June 28, 2020
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Please Don't Stop The Music

Bollywood celebs, Indian DJs provide the glitz; sex, sleaze and drugs, the seamier underbelly

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Please Don't Stop The Music
Please Don't Stop The Music
Money is like water, Dubai's emir Mohammed bin Rashid Al Maktoum once remarked. "If you lock it up, it becomes stagnant and foul-smelling, but if you let it flow, it stays fresh." Little wonder then that as its petroleum reserves dwindle, Dubai has executed a strategic turn to make commerce and tourism its principal income generators. This move has been largely successful—nearly 80 per cent of Dubai's population now comprises expatriates who have flocked to work there, and tourism initiatives keep government coffers well filled. The Dubai Shopping Festival alone, for example, earns profits of over $1 billion a year.

Shopping in Dubai is, of course, a major draw for Indian glitterati who are regular visitors. But with an economy increasingly dependent on tourists and expats, there has to be more than shopping on offer to keep them coming back. So Dubai offers a nightlife that beats the best in the West, with hundreds of nightclubs, some of them featuring the world's top DJs and artistes. Apart from well-known international brands such as the Buddha Bar, Dubai also has joints that cater to people of alternate sexualities, and even Indian strip clubs like Ashiana, which describes itself as a "Bengali nightclub"!

The Page 3 circuit, both in Delhi and Mumbai, buzzes with talk of "guess who I ran into in Dubai last week". Regulars are said to include Preity Zinta, Katrina Kaif, Bipasha Basu, Celina Jaitley, Mandira Bedi, model Nina Manuel, art dealer Nevile Tuli, cricketer Ravi Shastri, Shobhaa De, Pooja Bedi, Queenie Dhody and Dior brand ambassador Kalyani Chawla. Also frequent visitors are radio jockey Roshan Abbas, DJ Suketu and DJ Iggy, often summoned to liven up the party-clubbing scene. Says Suketu, who goes several times a year: "Each time I go, I find a new nightclub that's opened. There are lots of Indians at the clubs who appreciate Punjabi-Bollywood numbers, but also an amazing mix of people from all countries. And the world's top DJs." Another regular is Shiamak Davar who's opened a branch of his dance academy there (handy for a quick lesson before hitting the nightclub circuit).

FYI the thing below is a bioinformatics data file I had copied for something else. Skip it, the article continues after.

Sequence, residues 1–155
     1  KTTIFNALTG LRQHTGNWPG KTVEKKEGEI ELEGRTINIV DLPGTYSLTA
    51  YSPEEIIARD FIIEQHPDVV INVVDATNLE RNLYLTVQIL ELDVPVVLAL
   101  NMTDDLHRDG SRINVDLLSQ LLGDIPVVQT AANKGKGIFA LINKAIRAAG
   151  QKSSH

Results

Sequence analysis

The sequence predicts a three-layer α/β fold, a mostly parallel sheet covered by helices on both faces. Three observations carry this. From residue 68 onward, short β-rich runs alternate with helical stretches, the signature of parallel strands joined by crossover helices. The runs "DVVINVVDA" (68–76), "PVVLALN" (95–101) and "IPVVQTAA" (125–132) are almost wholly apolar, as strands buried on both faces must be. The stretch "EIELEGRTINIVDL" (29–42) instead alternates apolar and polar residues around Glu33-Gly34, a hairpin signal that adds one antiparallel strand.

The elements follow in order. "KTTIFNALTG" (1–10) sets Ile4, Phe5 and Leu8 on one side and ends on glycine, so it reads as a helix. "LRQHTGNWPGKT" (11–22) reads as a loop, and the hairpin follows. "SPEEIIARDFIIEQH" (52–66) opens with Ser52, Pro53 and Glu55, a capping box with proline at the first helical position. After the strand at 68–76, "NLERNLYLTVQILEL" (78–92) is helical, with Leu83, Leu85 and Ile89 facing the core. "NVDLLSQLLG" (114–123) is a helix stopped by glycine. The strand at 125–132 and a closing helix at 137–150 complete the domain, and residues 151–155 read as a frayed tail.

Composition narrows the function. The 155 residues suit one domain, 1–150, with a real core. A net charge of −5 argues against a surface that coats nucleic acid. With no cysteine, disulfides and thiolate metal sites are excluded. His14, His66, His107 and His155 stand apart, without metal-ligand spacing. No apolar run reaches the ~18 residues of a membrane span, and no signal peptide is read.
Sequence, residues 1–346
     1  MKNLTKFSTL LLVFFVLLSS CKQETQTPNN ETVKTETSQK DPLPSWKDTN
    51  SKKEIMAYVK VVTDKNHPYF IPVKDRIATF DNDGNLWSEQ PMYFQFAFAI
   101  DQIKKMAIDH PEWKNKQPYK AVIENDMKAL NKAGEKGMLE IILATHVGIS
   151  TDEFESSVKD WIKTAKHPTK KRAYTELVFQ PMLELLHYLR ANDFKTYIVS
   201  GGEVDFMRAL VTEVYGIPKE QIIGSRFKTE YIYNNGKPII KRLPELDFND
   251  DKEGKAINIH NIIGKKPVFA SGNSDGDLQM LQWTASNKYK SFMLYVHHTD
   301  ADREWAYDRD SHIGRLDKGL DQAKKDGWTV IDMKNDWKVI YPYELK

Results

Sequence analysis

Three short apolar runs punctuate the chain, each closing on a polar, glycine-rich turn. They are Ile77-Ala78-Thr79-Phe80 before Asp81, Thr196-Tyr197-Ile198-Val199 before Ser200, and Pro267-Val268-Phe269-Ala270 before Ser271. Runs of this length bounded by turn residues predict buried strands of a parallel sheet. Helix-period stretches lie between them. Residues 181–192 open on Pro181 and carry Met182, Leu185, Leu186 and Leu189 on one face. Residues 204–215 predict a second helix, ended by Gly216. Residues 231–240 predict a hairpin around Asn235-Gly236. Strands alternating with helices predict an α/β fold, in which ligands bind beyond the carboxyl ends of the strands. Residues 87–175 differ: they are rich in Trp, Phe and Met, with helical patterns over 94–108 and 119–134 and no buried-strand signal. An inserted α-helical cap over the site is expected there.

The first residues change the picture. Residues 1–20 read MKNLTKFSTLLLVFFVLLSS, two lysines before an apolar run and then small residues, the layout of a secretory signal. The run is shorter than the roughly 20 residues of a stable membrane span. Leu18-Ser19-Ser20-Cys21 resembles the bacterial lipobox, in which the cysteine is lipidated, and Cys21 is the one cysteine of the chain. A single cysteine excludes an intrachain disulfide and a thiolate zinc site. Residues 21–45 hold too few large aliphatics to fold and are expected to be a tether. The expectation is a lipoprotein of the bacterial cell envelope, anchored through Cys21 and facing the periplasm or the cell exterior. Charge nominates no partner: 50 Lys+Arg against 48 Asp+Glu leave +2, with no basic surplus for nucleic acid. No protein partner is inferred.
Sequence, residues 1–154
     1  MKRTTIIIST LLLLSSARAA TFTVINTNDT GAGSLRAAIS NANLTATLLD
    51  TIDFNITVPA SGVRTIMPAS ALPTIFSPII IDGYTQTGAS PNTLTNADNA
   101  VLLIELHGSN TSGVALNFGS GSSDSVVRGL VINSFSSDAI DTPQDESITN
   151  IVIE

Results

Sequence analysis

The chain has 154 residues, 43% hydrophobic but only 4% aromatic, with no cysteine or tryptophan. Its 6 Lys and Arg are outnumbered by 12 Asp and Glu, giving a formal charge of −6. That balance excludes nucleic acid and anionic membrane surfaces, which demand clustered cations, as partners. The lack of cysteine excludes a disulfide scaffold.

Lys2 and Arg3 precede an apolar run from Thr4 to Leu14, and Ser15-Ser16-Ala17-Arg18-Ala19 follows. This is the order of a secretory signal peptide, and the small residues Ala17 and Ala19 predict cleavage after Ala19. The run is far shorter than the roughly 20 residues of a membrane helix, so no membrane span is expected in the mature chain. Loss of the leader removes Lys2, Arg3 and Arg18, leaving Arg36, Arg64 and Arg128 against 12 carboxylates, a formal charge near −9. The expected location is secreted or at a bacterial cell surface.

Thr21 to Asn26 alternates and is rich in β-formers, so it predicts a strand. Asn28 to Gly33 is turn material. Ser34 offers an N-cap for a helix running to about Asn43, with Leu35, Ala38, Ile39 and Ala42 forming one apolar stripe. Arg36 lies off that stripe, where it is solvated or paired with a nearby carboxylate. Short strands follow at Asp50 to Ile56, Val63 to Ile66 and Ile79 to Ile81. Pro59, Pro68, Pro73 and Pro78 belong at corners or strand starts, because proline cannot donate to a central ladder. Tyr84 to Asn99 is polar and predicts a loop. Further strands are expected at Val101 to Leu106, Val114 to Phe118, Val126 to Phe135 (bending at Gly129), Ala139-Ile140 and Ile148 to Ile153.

Along with this glitz has come the sleaze, in a land where men outnumber women by 3 to 1. "The newest playground for the world's oldest profession" is how Dubai was recently described by the American Public Broadcasting Service. Sex workers from Central Asia find it a happy hunting ground, and Bluetooth technology is used to discreetly solicit sex at cafes and traffic jams. Drugs too have found their way into Dubai, which has become a transit point for drugs moving from nearby producers like Afghanistan to the lucrative markets of the West.

All this is fine, as long it's not in-your-face. Dubai's moral leash, under severe strain, has snapped on many occasions, though. Several Indian celebrities have been detained at Dubai on drug charges, among them designer Prasad Bidappa, actor Vijay Raaz, DJ Aqueel, restaurateur Farhan Azmi (son of SP leader Abu Asim Azmi), Bobby Chhabria (son of auto designer Dilip Chhabria), Harinder Singh, MD of ad agency Percept Holdings, and Shaan Sippy (grandson of G.P. Sippy). One of its most flamboyant nightclubs, the Diamond Club, was shut down after it organised a well-publicised and equally well-attended gay night with a British transvestite DJ. And last year, when a Kuwaiti investor declared his plans to open a Dubai branch of Hooters, the US restaurant chain famous for its skimpily-clad waitresses, the Department of Economic Development put its foot down. Dubai, it declared piously, had no place for activities that violated its "religion, traditions and culture". At least, not those that do so publicly.
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